Daisy Coleman, teen at center of Maryville sexual assault case, is recovering after suicide attempt
01/07/2014 3:45 PM
01/08/2014 9:47 AM
Daisy Coleman, the northwest Missouri teenager whose alleged 2012 sexual assault in Maryville has garnered national attention, was recovering Tuesday from a suicide attempt, a family friend familiar with the situation told The Star.
Robin Bourland, a longtime acquaintance of the Coleman family, said Coleman was being treated at a Kansas City children’s psychiatric hospital after ingesting unidentified pills Sunday evening. Coleman’s mother, Melinda Coleman, first released news of the suicide attempt in a Facebook post Monday.
“It’s been heartbreaking for them,” Bourland said of the Colemans, who now live in Albany, Mo. “This has been a really long, drawn-out battle, and it’s heartbreaking to see something like this happening.”
According to Bourland, the incident stemmed from online harassment that Daisy Coleman, 16, received after attending a party over the weekend. A disparaging Facebook post generated additional harsh attacks, said Bourland, and “it just escalated from there.”
Daisy Coleman’s case gained national notoriety following an October story in The Star detailing the alleged sexual assault and the harassment that Coleman and her family received after making the allegations.
In the story, Daisy Coleman’s family said she previously had attempted suicide twice in the wake of that harassment, much of it on social media, some at Maryville High School, where she was a freshman.
The case centered on a January 2012 house party in which Daisy Coleman and a friend — ages 14 and 13 at the time — alleged they were sexually assaulted at the home of Matthew Barnett, then a 17-year-old Maryville High senior and the grandson of a former state representative.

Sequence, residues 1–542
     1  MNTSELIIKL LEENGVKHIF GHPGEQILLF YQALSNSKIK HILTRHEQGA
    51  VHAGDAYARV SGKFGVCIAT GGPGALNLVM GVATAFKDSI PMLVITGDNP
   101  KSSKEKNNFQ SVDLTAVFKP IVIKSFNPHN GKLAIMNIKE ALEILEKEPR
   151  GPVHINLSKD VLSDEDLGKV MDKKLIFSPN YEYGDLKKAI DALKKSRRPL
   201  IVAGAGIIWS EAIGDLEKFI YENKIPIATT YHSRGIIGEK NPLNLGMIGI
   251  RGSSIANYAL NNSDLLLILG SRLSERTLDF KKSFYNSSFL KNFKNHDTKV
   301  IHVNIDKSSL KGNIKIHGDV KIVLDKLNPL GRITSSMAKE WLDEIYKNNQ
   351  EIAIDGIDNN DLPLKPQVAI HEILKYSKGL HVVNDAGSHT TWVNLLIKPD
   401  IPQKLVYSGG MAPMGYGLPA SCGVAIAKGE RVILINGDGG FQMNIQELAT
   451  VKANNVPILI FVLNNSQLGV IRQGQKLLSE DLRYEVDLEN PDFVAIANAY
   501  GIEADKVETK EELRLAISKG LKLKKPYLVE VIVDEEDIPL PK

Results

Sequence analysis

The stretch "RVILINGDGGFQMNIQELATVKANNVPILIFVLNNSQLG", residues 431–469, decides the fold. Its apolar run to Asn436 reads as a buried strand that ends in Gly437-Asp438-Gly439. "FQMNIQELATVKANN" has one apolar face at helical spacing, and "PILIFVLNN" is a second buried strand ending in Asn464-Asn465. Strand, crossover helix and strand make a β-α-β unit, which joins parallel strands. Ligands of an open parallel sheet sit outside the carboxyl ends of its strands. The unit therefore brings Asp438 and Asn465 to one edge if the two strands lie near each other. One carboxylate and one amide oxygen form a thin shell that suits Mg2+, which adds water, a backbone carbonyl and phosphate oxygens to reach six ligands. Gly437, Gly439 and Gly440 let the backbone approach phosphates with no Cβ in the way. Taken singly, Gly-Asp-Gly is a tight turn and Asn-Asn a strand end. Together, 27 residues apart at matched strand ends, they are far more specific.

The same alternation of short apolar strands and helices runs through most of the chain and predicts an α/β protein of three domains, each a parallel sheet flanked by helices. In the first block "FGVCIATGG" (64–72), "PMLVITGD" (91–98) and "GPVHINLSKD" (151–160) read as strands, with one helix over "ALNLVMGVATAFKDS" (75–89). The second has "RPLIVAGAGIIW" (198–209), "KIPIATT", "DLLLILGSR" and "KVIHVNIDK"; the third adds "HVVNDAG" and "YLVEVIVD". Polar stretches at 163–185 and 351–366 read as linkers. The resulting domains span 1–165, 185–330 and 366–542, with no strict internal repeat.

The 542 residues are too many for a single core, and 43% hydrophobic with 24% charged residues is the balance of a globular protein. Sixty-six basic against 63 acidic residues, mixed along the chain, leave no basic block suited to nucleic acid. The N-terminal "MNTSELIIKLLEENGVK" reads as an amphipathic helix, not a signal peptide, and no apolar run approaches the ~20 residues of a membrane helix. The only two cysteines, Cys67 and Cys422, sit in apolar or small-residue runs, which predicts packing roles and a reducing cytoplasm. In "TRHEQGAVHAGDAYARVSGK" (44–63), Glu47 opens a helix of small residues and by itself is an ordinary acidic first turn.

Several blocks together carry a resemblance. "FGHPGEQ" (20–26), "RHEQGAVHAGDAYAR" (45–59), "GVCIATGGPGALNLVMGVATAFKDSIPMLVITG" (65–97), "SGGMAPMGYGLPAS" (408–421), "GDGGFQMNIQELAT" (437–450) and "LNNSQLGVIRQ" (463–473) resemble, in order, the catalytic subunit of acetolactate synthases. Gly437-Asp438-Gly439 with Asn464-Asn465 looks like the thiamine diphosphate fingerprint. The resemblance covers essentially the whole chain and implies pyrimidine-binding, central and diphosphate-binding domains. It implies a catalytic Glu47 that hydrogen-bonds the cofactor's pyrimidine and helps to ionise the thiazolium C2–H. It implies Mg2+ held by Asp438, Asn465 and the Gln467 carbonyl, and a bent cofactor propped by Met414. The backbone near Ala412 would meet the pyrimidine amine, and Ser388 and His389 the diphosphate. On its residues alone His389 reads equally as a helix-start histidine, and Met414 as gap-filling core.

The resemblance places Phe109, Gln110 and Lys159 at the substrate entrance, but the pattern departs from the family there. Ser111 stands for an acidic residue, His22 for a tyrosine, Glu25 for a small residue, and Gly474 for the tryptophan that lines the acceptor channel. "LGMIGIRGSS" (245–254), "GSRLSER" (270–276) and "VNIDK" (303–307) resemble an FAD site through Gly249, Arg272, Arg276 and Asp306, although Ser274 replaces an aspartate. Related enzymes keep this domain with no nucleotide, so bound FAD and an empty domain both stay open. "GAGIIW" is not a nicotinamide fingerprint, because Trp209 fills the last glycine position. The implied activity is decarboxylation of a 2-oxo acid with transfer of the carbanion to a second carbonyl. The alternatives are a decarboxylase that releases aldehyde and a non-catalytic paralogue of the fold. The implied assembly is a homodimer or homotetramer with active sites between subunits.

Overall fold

Barnett was arrested on charges of sexual assault and endangering the welfare of a child, the latter for allegedly leaving Coleman incapacitated by alcohol and barefoot in her yard in 30-degree temperatures.
Also, 17-year-old Jordan Zech was charged with sexual exploitation of a minor, which involved using a friend’s cellphone to film a portion of the encounter between Coleman and Barnett. (The case of a 15-year-old boy, who admitted having intercourse with the younger girl despite her repeated refusals, was handled in juvenile court.)
Two months later, however, Nodaway County prosecutor Robert Rice dropped the felony charges against the two older youths, citing a lack of evidence and, later, a lack of cooperation on the part of the alleged victims’ families.
The mothers of both girls have insisted they were willing to cooperate with authorities until the felony charges were dropped.
In October, Jackson County prosecutor Jean Peters Baker was appointed to re-examine the case to determine whether fresh charges were warranted.
Although many have rallied around the alleged victims in recent months — online “hacktivist” group Anonymous took up Daisy Coleman’s cause, and last month The Huffington Post named her one of its “Most Fearless Teens of 2013” — the girls’ mothers have said that harassment has persisted locally.
In Facebook posts this week, Melinda Coleman indicated that her daughter had been “terrorized,” and called on Anonymous not to lose interest in her daughter’s case.
The group responded with a message via its Twitter page, assuring her that the family still has its support.
“The people who took to your daughter’s case and did what they could to shed light on the injustices you were going through are devastated right now,” the group’s message read in part. “And at the same time, furious.”
Gentry County officials last week, meanwhile, confirmed they were looking into the alleged planting of three skinned rabbits in a vehicle parked last month in the driveway of the Albany home of the younger girl in the 2012 case.
Peters Baker has declined to discuss her office’s investigation while it is ongoing and has not provided a timetable for its completion.
“It’s heartbreaking to have your daughter targeted by so many people,” Bourland said, when asked about the emotional state of Daisy’s mother. “And to feel like this is her (Daisy’s) only way to cope.”
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